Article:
For those of you that read this blog regularly, and there are a few of you amazingly, you’ll know that I’m coming close to publishing my first novel. It’s been a long time in the making and I’m now running towards the finish line. But people are still asking me how I expect to make a living from it all.
There are writers making a very good living in this new publishing environment, so what is it that they’re doing that we can borrow and take for ourselves. There are no rules anymore, no one telling us what to do, we’re our own bosses and masters of our own destiny. But with all that freedom how can we make sure we don’t get lost?
Write one novel at a time
I’ve been writing two books simultaneously for the last year and I’ve learnt that I probably won’t do that again. It takes a hell of a long time to write a novel and then edit it effectively. However long you think it’s going to take… double it. If you’re writing 100,000 words, and then re-writing them a couple of times, even at a prolific rate, that’s 3 or 4 months without a break. But there are natural breaks that do occur and so this number more realistically becomes 6 months.
Keep writing short stories along the way. When you feel like a change, spend a couple of days thinking and writing a short story. 5,000 words is a good word count to aim for because this is substantial enough for people to pay for, and also you can collect five together and publish an Anthology. Some authors sell them individually and others bundle them together, and some even do both, but if you can bring out an anthology of short stories in between the novels then it keeps the interest alive for the readers that you are trying to win over.
I’ve mentioned the novella before in this blog and in the new self-publishing environment it becomes more and more appealing. You can spend a third of the time producing one, compared to a full-length novel, and still sell it at the sweet spot price on Amazon. (I’ll talk about the sweet spot in a minute) Novellas are very well suited to series writing, where you can release ‘episodes’ of a bigger story.
The great thing I’ve learnt, from more experienced writers, about writing a series is that you can sell multiple books if you can only pull in the reader initially. All of the famous success stories in writing are due to a series. Most of the best-selling movies in history are franchises. Readers love reading about characters that they know, and love, developing and facing new challenges. That’s just the way it is and always has been, so use this to your advantage. You can then secure a readership that will hang off of your next release.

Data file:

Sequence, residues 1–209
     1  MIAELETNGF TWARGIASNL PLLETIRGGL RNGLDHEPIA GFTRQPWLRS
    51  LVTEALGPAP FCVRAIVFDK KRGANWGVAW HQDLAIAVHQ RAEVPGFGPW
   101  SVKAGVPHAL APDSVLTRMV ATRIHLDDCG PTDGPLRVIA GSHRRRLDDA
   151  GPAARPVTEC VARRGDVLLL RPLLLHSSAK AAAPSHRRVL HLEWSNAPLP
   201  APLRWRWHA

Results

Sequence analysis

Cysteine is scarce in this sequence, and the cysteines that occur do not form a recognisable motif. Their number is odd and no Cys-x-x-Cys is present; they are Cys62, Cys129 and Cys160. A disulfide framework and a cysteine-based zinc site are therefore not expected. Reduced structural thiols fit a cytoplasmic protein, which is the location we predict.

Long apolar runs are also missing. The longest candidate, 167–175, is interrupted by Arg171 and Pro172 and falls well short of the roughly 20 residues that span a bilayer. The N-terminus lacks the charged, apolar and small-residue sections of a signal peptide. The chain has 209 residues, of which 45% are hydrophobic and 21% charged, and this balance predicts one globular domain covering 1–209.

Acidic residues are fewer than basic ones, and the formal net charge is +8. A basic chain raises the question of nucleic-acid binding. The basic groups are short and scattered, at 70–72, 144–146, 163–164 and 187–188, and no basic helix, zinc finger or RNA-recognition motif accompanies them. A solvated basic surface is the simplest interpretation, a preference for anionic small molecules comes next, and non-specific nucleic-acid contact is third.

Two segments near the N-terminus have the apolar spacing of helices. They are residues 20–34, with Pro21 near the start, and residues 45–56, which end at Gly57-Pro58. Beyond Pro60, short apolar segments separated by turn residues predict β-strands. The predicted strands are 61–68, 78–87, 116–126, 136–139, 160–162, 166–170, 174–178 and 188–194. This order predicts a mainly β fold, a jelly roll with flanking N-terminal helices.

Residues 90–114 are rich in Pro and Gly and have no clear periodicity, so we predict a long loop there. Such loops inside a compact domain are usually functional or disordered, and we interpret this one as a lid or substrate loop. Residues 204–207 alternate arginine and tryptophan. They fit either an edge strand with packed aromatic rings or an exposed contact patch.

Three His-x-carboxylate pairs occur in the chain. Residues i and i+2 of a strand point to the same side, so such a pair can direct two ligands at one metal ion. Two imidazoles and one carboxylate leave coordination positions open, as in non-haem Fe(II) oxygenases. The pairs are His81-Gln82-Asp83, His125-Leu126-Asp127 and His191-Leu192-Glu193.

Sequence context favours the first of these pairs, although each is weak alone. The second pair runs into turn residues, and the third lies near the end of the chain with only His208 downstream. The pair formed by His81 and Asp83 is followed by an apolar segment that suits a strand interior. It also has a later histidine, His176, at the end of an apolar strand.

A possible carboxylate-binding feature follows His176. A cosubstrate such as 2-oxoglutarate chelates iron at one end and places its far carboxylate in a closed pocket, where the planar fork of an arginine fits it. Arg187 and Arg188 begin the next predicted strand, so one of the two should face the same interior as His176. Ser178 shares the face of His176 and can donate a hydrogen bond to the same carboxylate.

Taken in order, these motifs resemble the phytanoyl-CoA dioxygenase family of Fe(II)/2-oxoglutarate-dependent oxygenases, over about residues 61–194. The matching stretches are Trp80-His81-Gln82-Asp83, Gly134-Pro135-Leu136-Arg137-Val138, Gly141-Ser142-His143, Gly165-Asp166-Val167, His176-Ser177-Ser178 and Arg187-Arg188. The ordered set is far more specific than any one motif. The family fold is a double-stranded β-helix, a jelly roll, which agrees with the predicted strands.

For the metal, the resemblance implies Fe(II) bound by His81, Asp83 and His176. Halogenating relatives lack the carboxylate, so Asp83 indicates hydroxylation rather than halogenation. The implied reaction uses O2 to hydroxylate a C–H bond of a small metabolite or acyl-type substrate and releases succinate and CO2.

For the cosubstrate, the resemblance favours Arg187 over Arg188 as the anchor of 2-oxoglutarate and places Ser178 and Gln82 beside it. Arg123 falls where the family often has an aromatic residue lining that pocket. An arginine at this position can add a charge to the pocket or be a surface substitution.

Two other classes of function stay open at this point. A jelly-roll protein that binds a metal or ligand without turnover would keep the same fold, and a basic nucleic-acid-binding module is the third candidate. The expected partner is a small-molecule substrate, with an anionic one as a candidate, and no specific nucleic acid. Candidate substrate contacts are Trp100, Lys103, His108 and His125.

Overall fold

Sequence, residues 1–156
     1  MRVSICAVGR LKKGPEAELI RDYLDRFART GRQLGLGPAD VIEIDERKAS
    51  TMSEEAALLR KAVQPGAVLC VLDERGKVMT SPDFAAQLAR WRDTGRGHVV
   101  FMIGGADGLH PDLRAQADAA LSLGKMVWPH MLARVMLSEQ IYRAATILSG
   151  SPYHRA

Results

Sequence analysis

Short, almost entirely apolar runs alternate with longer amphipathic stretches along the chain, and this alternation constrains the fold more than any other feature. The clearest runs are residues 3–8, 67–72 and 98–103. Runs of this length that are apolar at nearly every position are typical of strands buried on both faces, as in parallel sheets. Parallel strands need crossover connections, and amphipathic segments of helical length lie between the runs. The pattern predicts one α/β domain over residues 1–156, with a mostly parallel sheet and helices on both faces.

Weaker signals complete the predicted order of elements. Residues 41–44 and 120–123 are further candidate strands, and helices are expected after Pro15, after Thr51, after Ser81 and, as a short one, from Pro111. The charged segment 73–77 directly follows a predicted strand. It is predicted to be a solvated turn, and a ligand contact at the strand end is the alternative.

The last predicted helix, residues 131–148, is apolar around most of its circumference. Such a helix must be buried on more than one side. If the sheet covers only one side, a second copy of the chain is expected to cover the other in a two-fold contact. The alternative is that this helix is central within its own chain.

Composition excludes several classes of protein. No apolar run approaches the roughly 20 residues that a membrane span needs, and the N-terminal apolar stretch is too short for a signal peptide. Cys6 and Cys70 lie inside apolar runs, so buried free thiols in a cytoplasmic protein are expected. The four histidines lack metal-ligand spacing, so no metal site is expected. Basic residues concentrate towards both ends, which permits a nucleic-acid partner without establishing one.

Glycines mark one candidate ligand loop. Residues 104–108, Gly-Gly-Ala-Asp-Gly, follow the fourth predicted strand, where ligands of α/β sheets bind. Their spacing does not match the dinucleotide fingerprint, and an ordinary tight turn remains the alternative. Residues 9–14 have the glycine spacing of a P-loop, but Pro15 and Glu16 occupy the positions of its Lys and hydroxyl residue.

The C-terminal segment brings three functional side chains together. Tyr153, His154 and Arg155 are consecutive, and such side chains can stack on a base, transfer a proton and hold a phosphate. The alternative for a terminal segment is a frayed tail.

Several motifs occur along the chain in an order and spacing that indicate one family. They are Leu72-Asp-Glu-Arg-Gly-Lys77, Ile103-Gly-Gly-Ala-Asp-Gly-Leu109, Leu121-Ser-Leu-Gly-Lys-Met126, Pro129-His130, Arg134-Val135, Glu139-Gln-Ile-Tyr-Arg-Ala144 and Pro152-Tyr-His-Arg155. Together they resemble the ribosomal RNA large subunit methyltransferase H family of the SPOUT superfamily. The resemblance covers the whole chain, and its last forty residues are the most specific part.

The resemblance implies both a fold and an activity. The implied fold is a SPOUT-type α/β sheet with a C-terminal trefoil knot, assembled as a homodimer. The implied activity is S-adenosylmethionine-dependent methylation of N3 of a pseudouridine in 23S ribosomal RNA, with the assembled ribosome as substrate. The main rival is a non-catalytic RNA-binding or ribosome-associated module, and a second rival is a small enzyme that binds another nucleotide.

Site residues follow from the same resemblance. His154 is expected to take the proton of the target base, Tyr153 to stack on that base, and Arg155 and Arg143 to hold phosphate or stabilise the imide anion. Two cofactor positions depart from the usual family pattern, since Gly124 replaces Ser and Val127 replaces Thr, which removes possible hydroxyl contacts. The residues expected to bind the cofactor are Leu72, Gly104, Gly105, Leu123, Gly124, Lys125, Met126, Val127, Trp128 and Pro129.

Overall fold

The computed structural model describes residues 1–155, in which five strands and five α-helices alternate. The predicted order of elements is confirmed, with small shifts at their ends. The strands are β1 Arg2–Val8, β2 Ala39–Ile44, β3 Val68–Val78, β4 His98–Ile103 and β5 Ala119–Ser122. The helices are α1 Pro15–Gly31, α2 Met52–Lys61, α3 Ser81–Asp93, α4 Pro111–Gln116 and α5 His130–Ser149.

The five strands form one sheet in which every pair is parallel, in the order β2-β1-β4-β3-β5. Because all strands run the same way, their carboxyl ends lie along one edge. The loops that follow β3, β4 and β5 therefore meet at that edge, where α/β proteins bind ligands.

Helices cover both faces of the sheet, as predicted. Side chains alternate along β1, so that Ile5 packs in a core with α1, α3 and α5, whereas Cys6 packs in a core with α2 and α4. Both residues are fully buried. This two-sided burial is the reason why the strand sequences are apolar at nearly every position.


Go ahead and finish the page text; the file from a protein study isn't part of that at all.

Volume of Books
To make a living as a writer, realistically, you must have a number of books on sale. Each book will have an initial spike of sales at launch and then settle further down the charts. The more you have at different lifecycle stages the more chance you have of making regular income. An example of this was a writer I heard yesterday talking about the seven books they had published. None of them are a runaway success, and they can expect to sell maybe 200 copies per month of each, once they have settled. (roughly 6 a day) But there are seven of them, so doing the sums, that’s about $3,000 per month if you sell them at $2.99. That’s assuming that they’ve all settled, but the newest one should be selling slightly more at least. Also, in a series you can expect knock on sales for previous books.
On Amazon $2.99 is the lowest price you can charge to receive a 70% royalty, so you can undercut traditional publishers and still receive $2 per book. Nearly every successful author I’ve listened to seems to rest on this price point. I think you have to experiment with price and find what works for you but this seems to be the optimal position.
Quality and Interest
It goes without saying that your books must be edited professionally, as much as possible, and look good. They must not stand out as self-published when sat next to a Lee Child book on Amazon. Also, I’m assuming that I write interesting stories that people want to read, and I assume that anyone that reads this blog must be discerning enough to also write interesting stories too. It’s a pre-requisite for being a writer at the end of the day. If you’re going to write about fossils then the chances are that you’re not going to make that much of a living from it.
The playing field is set now so that you can make a success of it for yourself. It’s going to take a lot of hard work and a continual cycle of – writing, editing, marketing – But after a couple of years when you have built up a back catalogue, established a series, and published a number of anthologies to keep ticking over, you should be in a position where the income becomes steadier. Remember with eBooks the earning potential never dies (they never end a print run) so the longer you’re in the game the easier it should become. Patience, discipline and determination will get you there… I hope. 🙂
Has this helped anyone? I know that I’ve often been asked by people to explain exactly how I hoped to make any money from it all, and hopefully the above does just that.